Fried Oysters with Basil Leaves is a classic Taiwanese small eat, what in the US would be called hor’deurves. Big, fat, succulent oysters coated with flour, deep fried in oil, and garnished with fried basil leaves. A very simple delicacy great for your next party.
Even though they are made of practically all pork, these are called Chicken Rolls. Don’t ask me why because I sure couldn’t find any chicken meat inside the rolls (maybe they call them Chicken Rolls to fool the pigs. “Invite Piglet in for some Chicken Rolls!). The pork are cut into strips, seasoned with five-spice powder and some other seasonings, then wrapped with tofu skin. Deep fry these rolls to golden brown and you have
Pork Rolls Chicken Rolls…
In fact, Malaysia has exactly the same dish, but our version is called “Lo Bak.” Lo Bak is particularly popular in Penang; they are usually served with chili sauce and a sweet and sticky brown sauce flecked with threads of egg.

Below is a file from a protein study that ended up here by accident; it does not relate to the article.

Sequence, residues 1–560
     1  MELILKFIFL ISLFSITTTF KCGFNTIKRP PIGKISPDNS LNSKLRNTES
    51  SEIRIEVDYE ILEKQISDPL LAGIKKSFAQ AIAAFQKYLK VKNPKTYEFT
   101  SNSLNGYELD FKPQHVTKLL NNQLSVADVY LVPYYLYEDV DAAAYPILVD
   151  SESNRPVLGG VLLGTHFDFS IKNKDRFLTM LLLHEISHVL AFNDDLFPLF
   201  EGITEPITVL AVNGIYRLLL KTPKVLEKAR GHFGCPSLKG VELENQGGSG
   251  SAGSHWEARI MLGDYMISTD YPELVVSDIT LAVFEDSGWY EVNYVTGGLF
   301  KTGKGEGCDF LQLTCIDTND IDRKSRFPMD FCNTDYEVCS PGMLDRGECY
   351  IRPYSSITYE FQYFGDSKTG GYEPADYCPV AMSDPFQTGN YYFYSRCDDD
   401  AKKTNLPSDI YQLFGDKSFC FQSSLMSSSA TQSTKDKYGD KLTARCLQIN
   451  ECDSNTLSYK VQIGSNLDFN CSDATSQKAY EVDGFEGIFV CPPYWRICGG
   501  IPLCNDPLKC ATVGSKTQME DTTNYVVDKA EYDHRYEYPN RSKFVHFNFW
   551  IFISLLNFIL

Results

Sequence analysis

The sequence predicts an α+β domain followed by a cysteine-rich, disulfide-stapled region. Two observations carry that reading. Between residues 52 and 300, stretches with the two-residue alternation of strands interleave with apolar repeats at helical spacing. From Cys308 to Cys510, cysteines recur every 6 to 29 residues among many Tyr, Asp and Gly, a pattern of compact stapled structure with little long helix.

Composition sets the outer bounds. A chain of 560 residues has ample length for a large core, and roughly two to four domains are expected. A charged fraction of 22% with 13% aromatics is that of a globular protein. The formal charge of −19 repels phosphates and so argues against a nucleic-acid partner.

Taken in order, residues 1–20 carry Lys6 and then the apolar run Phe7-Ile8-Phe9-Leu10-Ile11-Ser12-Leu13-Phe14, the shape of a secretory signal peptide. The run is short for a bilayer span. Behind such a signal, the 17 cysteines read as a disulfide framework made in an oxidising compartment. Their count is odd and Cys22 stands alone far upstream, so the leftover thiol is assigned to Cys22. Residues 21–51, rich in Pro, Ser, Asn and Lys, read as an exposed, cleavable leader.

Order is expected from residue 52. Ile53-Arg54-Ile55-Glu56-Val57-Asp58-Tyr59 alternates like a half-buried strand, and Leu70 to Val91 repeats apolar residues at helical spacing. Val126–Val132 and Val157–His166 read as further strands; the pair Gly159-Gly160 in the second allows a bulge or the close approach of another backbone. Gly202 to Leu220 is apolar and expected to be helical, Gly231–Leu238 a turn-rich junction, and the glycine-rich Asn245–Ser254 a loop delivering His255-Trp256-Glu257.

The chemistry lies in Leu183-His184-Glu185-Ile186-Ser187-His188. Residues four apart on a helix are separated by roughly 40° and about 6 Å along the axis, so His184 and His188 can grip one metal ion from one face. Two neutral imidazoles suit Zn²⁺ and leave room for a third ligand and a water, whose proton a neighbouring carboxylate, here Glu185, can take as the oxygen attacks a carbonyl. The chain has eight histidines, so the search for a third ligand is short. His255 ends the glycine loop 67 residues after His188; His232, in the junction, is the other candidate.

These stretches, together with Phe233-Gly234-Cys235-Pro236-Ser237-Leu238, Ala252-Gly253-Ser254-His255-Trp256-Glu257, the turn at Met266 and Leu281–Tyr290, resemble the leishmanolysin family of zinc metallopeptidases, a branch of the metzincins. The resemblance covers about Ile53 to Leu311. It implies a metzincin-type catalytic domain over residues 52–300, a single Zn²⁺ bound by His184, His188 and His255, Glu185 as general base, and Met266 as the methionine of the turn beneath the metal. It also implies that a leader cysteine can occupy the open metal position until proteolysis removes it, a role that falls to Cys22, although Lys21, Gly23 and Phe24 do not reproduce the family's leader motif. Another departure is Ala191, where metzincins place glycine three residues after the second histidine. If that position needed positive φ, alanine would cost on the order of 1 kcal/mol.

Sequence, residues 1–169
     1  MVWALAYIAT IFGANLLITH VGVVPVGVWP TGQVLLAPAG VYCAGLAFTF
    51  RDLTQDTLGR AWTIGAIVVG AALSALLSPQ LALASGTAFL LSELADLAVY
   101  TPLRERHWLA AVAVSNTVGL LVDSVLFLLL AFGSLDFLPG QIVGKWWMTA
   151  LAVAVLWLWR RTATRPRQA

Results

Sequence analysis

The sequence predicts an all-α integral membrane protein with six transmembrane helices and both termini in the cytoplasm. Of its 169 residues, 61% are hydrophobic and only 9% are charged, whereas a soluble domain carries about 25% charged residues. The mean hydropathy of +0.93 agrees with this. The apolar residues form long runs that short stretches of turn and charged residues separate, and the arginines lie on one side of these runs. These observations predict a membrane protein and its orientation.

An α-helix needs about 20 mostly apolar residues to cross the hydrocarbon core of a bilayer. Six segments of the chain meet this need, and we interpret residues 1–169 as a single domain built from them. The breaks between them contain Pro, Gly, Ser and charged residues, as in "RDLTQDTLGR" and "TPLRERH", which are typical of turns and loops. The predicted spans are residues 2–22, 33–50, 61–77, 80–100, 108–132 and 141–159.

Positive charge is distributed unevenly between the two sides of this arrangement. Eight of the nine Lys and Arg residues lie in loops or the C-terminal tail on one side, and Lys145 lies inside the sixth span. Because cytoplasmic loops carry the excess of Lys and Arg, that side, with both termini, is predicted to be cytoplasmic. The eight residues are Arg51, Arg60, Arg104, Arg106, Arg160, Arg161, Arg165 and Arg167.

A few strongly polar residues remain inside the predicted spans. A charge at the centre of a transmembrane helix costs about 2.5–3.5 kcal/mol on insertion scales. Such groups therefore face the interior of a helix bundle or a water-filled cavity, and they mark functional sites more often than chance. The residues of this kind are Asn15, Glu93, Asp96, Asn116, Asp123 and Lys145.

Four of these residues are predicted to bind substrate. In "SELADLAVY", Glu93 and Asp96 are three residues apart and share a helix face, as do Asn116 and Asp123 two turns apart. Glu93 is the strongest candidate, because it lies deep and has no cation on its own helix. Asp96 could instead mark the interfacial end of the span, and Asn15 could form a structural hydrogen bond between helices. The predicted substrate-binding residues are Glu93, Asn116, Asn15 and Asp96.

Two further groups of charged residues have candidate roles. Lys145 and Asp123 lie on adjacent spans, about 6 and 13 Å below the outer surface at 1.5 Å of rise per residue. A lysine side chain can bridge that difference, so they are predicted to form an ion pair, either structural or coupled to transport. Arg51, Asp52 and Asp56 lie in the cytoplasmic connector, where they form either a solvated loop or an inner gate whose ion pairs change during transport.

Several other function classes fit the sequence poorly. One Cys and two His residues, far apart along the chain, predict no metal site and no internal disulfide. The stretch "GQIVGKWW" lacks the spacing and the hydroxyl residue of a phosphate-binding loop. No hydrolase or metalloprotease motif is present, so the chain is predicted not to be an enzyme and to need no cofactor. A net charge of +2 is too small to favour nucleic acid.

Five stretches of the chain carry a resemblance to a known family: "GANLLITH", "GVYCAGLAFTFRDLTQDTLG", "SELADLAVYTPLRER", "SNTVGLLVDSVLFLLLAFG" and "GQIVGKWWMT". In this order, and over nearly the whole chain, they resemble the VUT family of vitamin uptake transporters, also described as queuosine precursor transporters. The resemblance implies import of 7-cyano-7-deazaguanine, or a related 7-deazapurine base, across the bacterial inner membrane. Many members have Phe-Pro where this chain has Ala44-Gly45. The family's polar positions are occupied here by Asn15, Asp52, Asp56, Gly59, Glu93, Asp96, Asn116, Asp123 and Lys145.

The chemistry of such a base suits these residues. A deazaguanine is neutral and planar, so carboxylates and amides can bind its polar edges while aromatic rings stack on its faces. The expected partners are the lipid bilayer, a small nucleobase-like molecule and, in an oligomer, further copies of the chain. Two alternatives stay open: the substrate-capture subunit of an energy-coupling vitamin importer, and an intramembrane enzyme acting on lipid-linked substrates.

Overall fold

I tried out the Taiwanese version of Shrimp Fritters two times while I was there recently. As you can see below, there aren’t really any shrimp inside; justchopped vegetables, spring onions, and more chopped vegetables. Probably named by the same person who came up with “Chicken Rolls.” I was disappointed. TheMalaysian version of Shrimp / Prawn Fritters are certainly better. They have shrimp in them for one thing.
All the above Taiwanese classics can be found at food stalls at the popular Shilin Night Market or the many Chinese restaurants serving authentic Taiwanese Cuisine. I particularly like Shin Yeh Restaurant.
Shin Yeh Restaurant
34-1, Shuang Cheng Street
Tel: +888 (0) 2 2596 3255